Informed Shorts: 'Meta Abilities' for Coaches, Practitioners and Athletes

In this second ‘Informed Short’ we explore the concept of meta-abilities, and unpack the superpowers that we can harness to enhance our practice in a variety of realms as coaches and practitioners in sport, and educate our athletes to make use of these tools for themselves. We can define meta-abilities as ‘higher order’ skills. A defining characteristic of meta-abilities is that they effectively determine how well we are able to make use of our other capabilities.

The first meta-ability on the list is ‘meta-learning’. We introduced the concept of taking a meta-learning approach to practice and training in a previous Informed Blog on the topic. To recap, meta learning describes our understanding of how we learn, which allows us to learn more effectively. This meta skill also encompasses the ability to deploy and apply our learning skills in different realms (such as skill practice, and athletic preparation).

Meta-cognition essentially relates to our awareness of our own mind. In this way, meta-cognition encompasses our understanding of our own thought processes and how we react to, process, and filter different inputs and forms of information from various sources. In particular, meta-cognition relates to our capacity for critical thinking, which as we contended in another earlier Informed Blog, is perhaps the most critical higher order skill in the Information Age.

Emotional intelligence is arguably the ultimate meta ability, encompassing a host of elements, which could each be considered meta-skills in their own right. Broadly we can classify these elements under the banner of intrapersonal intelligence and interpersonal intelligence, respectively.

Intra-personal intelligence is our inward looking sense or capacity for introspection. Intra-personal intelligence therefore comprises self awareness; in essence our knowledge of self, which includes self-reflection and online monitoring ‘in the moment’. Other related elements include our awareness and understanding of our own emotional state and emotional responses to events - in other words, our ability to name what we are feeling, but also be aware of what might be beneath it. Intra-personal intelligence relates not just to our ability to tune into our emotions, but also our capacity to harness and regulate them. For instance, we can be aware of our mood, but also conscious of our thoughts about our mood state. Further, intra-personal intelligence relates to our ability to reflect on our own emotions, and make some sort of rational judgement on our emotional responses. In particular, a critical factor is our ability to be conscious of emotional responses that do not serve us, particularly in the moment, and by extension able to modulate our emotional state accordingly to limit the negative impact.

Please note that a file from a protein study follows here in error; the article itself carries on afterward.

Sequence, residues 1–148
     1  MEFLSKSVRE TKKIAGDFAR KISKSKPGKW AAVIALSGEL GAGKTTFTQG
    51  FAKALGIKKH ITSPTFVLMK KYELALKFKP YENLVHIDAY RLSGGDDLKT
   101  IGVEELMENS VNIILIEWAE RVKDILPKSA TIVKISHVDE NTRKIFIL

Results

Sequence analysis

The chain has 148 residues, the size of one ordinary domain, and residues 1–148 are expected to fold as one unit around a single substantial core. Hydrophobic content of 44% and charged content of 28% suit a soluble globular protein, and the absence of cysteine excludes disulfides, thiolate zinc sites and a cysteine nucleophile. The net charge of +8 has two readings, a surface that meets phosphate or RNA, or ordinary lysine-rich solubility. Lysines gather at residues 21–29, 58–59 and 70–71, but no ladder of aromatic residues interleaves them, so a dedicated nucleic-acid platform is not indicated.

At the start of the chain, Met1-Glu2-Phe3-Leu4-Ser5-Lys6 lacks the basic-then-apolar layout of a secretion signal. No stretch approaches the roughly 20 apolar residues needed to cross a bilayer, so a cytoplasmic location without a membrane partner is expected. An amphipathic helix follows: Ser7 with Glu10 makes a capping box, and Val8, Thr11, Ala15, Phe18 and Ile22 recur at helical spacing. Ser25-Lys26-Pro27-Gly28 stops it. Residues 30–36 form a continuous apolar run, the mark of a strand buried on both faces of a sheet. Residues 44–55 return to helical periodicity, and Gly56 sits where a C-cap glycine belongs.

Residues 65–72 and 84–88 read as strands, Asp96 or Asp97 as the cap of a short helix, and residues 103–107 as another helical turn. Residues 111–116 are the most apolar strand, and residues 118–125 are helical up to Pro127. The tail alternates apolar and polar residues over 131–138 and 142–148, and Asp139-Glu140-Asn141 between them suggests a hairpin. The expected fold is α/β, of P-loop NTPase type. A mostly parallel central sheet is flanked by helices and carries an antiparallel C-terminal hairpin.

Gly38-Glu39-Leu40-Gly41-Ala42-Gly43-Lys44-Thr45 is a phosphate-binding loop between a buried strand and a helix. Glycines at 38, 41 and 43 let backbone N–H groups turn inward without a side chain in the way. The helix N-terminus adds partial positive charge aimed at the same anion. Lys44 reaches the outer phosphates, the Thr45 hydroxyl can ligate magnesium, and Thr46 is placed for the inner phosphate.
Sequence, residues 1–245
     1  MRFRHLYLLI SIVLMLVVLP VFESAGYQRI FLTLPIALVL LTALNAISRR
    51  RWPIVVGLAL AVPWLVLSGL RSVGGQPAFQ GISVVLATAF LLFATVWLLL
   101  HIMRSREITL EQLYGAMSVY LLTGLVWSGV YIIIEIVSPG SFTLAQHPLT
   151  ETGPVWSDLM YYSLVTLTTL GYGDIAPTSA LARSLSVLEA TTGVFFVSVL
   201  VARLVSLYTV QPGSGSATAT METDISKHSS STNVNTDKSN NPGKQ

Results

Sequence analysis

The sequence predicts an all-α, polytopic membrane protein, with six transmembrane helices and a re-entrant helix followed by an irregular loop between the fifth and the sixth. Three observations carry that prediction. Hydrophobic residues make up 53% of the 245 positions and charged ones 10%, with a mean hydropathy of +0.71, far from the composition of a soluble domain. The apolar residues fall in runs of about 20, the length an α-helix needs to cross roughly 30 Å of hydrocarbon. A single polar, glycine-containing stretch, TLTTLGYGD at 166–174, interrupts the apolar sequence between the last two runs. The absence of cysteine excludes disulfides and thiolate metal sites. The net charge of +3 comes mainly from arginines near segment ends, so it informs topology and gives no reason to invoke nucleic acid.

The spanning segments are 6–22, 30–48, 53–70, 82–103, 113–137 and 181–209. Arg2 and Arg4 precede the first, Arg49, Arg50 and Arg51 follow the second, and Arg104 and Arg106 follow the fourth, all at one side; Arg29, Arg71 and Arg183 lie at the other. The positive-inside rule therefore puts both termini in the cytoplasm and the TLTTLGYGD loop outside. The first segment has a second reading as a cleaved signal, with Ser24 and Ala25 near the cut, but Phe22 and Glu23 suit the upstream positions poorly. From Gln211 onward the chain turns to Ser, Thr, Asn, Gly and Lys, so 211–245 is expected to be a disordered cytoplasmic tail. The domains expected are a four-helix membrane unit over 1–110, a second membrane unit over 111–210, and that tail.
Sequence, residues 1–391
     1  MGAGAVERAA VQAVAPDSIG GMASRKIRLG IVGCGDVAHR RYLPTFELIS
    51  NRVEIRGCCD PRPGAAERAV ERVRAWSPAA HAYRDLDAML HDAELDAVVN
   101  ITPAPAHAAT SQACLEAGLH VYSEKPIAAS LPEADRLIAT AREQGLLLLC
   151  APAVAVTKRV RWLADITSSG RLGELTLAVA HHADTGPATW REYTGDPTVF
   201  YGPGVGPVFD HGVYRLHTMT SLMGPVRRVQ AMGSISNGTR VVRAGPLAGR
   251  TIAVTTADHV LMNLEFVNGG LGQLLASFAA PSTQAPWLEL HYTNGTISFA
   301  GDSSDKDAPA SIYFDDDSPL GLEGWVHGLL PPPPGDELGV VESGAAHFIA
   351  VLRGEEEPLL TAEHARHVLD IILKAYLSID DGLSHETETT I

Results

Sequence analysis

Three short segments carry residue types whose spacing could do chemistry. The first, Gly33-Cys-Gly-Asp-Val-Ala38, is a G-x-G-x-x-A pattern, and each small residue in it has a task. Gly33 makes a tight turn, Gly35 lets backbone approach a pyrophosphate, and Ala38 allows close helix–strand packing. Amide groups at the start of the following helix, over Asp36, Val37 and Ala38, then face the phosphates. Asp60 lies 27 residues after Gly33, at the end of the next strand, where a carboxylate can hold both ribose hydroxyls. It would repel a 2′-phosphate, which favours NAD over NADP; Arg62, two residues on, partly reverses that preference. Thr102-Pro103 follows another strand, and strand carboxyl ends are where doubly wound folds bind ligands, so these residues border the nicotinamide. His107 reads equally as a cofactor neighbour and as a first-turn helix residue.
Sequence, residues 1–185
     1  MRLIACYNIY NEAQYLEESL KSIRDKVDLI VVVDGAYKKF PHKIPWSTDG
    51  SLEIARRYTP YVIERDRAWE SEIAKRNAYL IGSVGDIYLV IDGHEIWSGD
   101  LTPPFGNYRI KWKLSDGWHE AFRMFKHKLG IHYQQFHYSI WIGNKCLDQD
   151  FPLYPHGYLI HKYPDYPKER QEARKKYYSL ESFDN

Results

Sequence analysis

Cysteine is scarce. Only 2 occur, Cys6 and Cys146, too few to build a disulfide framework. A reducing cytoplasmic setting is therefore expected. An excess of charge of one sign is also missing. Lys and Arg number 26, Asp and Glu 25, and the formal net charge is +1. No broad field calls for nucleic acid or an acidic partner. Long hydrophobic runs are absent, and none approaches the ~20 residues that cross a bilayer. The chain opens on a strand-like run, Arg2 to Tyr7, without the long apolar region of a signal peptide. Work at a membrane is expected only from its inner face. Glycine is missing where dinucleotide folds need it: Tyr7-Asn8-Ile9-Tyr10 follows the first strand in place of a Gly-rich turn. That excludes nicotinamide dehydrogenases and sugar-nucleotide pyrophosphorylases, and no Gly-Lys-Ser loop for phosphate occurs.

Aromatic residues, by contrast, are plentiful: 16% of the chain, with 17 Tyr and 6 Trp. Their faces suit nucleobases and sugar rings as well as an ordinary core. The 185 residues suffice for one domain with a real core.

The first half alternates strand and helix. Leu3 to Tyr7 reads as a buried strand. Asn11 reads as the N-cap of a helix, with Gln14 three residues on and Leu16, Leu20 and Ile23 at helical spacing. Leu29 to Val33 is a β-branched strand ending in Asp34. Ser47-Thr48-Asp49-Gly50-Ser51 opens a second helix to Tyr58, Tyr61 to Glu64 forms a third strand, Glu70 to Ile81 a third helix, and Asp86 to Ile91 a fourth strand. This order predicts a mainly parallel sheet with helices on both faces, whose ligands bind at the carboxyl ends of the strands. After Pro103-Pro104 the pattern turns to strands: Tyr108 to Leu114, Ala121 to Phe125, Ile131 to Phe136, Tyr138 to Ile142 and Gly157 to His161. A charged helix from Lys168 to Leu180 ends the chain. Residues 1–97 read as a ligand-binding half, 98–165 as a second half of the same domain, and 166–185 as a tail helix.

Inter-personal intelligence is our social intelligence; in essence, our ability to recognise, to understand, and to navigate social situations and interactions with others. Critical factors include our knowledge of social structure and conventions, such as power relationships and social dynamics between members of group. On a human-to-human level inter-personal intelligence likewise includes our ability to read people and social cues, and respond accordingly. This latter aspect encompasses the ability to attend to, appreciate, and consider the other person’s viewpoint; in other words our intuition and empathic sense.

For more resources on a variety of topics related to coaching, athletic preparation, and working with humans, see the Books section of the website.